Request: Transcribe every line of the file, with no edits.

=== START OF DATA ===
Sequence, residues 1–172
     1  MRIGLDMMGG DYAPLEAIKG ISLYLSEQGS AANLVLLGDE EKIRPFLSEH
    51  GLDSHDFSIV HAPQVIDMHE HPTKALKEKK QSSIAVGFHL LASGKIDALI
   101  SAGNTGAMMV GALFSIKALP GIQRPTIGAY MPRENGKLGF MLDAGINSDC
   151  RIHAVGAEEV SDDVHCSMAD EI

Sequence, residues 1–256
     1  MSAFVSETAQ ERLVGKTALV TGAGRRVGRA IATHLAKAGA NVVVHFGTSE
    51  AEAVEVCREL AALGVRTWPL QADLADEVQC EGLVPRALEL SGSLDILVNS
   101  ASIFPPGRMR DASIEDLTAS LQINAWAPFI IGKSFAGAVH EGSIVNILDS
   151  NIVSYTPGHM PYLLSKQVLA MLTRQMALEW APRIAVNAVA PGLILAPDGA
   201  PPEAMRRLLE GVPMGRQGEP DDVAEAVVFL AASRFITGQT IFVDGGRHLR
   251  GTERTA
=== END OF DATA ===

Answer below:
Sequence, residues 1–172
     1  MRIGLDMMGG DYAPLEAIKG ISLYLSEQGS AANLVLLGDE EKIRPFLSEH
    51  GLDSHDFSIV HAPQVIDMHE HPTKALKEKK QSSIAVGFHL LASGKIDALI
   101  SAGNTGAMMV GALFSIKALP GIQRPTIGAY MPRENGKLGF MLDAGINSDC
   151  RIHAVGAEEV SDDVHCSMAD EI

Sequence, residues 1–256
     1  MSAFVSETAQ ERLVGKTALV TGAGRRVGRA IATHLAKAGA NVVVHFGTSE
    51  AEAVEVCREL AALGVRTWPL QADLADEVQC EGLVPRALEL SGSLDILVNS
   101  ASIFPPGRMR DASIEDLTAS LQINAWAPFI IGKSFAGAVH EGSIVNILDS
   151  NIVSYTPGHM PYLLSKQVLA MLTRQMALEW APRIAVNAVA PGLILAPDGA
   201  PPEAMRRLLE GVPMGRQGEP DDVAEAVVFL AASRFITGQT IFVDGGRHLR
   251  GTERTA